Ed Trust-Midwest highlights need for systemic changes upon release of 2022 Preliminary Read by Grade Three Retention Estimates
Today, the Michigan State University’s Education Policy Innovation Collaborative (EPIC) released a new report, 2022 Preliminary Read by Grade Three Retention Estimates.
“Roughly 5,650 Michigan students received reading scores low enough that they could be required to repeat third grade,” according to the news release.
The report notes:
- 5.8% of the tested population (5.6% of all 3rd-grade students, or 5,628 students) are eligible for retention based on their 3rd-grade ELA M-STEP scores.
- This is one percentage point higher than in 2020-21 (4.8%). This signifies a substantively large 20 percent increase in the proportion of retention-eligible students.
- There are substantial disparities in retention eligibility by race and ethnicity. In particular, Black
3rd-grade students are more likely to be eligible for retention based on their 2021-22 ELA M-STEP scores than their Asian, White, or Hispanic or Latino peers.
- Black students are 4.5 times as likely to be retention-eligible than are White students. The proportion of tested Black and Hispanic or Latino students eligible for retention increased relative to last year, while the proportion of White students remained the same and the proportion of Asian decreased
The Education Trust-Midwest noted in a statement that decades of research show that promoting strong early reading skills for students is key to improving education. Students who read well by third grade have a better chance to succeed in school, are far more likely to go to college, participate in the job market and even have greater lifetime employment earnings.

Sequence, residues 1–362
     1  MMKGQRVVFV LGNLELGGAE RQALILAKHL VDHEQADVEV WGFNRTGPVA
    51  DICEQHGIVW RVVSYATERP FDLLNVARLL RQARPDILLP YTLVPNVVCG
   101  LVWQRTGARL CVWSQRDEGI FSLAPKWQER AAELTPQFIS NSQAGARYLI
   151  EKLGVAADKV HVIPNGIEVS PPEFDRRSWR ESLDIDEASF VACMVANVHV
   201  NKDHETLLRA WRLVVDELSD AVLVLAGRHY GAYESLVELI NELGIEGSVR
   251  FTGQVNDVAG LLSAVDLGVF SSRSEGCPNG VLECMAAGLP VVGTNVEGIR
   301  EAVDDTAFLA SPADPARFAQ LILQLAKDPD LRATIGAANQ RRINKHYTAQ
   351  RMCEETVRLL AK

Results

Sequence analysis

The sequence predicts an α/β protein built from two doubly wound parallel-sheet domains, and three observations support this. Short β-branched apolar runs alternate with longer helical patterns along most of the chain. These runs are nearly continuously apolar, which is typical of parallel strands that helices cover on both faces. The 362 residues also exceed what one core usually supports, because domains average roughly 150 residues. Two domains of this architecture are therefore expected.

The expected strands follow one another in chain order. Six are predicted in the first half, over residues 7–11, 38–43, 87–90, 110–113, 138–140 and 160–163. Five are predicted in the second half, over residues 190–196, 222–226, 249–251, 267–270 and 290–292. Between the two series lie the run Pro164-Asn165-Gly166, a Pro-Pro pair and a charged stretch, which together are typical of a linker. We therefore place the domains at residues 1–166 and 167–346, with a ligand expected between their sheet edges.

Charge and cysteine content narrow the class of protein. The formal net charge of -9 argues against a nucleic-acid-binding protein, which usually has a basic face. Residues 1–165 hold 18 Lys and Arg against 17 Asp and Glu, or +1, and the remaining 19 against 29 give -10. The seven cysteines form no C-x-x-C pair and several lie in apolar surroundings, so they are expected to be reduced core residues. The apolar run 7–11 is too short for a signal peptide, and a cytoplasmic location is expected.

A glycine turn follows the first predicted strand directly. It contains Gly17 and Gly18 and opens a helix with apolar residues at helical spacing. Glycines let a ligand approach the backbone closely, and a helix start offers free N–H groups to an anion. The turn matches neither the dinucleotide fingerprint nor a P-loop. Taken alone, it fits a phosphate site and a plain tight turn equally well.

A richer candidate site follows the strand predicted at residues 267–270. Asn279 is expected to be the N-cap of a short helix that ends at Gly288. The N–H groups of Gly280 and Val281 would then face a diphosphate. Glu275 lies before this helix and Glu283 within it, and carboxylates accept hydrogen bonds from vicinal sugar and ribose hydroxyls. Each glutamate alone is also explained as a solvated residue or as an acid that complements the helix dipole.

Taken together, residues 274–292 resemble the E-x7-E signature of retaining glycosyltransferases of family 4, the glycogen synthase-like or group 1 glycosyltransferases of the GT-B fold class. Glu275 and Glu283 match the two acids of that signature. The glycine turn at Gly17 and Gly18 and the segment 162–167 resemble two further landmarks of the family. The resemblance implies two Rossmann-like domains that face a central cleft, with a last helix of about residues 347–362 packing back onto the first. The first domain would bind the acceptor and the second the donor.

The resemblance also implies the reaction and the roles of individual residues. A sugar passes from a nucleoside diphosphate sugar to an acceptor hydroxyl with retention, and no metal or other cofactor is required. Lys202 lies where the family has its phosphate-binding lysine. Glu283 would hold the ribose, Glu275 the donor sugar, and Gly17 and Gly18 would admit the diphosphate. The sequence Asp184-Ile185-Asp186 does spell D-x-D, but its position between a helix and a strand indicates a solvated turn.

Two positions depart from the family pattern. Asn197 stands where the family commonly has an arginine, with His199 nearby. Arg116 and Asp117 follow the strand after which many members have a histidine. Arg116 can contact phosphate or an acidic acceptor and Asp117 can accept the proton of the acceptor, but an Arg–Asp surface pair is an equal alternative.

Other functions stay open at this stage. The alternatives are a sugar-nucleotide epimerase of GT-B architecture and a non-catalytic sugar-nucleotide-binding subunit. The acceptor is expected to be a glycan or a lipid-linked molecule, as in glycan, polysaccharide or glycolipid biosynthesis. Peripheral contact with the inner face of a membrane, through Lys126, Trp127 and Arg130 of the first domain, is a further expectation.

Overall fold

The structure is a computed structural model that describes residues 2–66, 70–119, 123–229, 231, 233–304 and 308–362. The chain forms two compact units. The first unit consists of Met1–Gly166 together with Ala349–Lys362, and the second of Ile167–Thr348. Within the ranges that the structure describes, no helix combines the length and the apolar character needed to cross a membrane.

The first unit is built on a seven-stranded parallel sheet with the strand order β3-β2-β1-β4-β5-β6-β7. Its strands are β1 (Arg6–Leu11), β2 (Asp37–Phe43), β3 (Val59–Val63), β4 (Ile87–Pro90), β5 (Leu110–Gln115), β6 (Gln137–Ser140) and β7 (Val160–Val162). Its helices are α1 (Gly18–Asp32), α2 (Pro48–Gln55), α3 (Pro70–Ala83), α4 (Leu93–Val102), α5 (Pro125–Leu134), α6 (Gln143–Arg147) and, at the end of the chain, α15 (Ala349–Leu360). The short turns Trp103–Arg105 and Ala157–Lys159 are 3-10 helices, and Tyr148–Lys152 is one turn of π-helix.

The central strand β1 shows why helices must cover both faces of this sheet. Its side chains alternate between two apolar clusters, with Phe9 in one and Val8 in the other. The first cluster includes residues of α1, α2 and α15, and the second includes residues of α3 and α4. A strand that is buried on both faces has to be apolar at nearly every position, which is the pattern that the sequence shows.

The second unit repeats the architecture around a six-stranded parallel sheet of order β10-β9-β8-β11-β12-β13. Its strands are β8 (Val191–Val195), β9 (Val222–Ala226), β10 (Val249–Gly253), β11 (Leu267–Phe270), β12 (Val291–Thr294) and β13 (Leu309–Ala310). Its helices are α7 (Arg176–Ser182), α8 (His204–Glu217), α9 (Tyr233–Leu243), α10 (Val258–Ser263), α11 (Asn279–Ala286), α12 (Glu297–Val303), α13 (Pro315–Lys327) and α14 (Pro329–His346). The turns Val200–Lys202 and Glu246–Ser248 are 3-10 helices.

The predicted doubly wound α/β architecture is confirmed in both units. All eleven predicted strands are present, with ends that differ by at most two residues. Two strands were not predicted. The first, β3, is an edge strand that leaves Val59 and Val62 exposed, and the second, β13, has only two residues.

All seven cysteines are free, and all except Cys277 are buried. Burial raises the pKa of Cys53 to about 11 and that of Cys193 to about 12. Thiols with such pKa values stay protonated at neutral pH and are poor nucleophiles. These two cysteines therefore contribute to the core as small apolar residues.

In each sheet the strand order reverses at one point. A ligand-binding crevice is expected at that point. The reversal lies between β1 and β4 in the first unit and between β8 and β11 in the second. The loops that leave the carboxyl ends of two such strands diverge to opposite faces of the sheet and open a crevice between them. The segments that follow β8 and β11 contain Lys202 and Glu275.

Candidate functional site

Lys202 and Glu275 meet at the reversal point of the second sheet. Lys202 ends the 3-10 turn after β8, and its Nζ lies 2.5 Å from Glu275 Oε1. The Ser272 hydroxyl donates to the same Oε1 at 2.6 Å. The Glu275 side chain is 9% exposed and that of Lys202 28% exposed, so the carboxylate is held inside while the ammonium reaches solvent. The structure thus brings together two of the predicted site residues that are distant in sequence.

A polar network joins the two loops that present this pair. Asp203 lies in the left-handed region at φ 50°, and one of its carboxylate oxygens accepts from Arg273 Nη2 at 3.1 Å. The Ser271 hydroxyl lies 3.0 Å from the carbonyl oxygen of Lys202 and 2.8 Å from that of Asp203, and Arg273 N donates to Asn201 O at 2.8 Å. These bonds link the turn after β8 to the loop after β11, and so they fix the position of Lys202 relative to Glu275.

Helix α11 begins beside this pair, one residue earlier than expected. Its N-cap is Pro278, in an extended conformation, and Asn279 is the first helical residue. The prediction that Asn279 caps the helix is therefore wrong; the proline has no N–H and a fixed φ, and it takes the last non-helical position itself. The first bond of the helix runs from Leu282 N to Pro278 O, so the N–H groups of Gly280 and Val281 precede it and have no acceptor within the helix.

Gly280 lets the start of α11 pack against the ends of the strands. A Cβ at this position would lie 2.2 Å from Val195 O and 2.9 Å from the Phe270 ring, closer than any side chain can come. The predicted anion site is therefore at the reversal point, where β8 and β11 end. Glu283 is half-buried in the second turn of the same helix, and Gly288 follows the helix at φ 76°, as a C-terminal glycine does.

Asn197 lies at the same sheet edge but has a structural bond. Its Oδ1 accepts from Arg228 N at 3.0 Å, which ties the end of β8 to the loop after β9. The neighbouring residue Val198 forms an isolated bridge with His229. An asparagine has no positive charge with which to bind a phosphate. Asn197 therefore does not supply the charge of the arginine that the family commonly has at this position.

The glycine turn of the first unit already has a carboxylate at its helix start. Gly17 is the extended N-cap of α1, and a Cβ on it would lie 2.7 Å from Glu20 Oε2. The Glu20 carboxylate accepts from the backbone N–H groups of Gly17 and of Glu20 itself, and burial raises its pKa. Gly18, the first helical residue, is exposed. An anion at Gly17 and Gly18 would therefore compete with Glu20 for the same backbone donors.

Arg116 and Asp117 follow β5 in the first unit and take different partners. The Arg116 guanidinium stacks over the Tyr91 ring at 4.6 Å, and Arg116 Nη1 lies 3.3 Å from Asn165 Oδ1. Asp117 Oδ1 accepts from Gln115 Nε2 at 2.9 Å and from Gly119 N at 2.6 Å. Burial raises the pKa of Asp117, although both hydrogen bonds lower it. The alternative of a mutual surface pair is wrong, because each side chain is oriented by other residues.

Yet Michigan has lacked a strategic, coherent system of implementing best-practices and far too often left it largely to chance for students to get the instruction they needed to become strong early readers, as we reported in 2018.
Our May 2019 report identified that Michigan has one of the least equitable funding formulas in the nation, that our educators lack access to a range of evidence-based professional supports, and that low-income students and students of color are more likely to have inexperienced teachers than students attending schools with higher-income students.
We should learn from leading states to make significant improvements in Michigan.
“While it’s not surprising that so many children have fallen so far behind, we are now seeing the evidence of the impact of the pandemic, especially for underserved students,” said Amber Arellano, executive director of the Education Trust-Midwest. “These results underscore there is so much more we can be doing to support learning recovery.”
According to Katharine Strunk, director of EPIC, and the Clifford Erickson Distinguished Professor of Education Policy in MSU’s College of Education, this provides more evidence that students will need additional support to recover from missed opportunities to learn caused by the pandemic, the news release said.
“More than anything, this shows us that the pandemic has taken a toll on many of Michigan’s students, and more are struggling with literacy in the third grade than were prior to the pandemic,” Strunk said. “Michigan’s schools and students will need increased investments and support to recover academically.”
Arellano said more is needed to ensure students recover from the pandemic and accelerate their learning, especially those who have long been underserved.
“Districts should use their federal COVID relief funding to adopt strategies based on research and what we know works, such as targeted intensive tutoring and expanded learning time,” Arellano said. “Our policymakers should pass bipartisan legislation that addresses one of the most common barriers to reading success: dyslexia. This thoughtful and strategic legislation would provide critical training for educators and support for students so that problems in reading can be addressed at earlier ages. This legislation is a critical opportunity now to place thousands more of our students on a path for success in school and in life.”
This is also a moment to think about how to implement accountability for student outcomes, Arellano said.
“Accountability should include transparency around data that is then used to inform and trigger better practices and more support for a child’s learning and recovery,” she said. “Accountability should fall on the system, not on the backs of students.”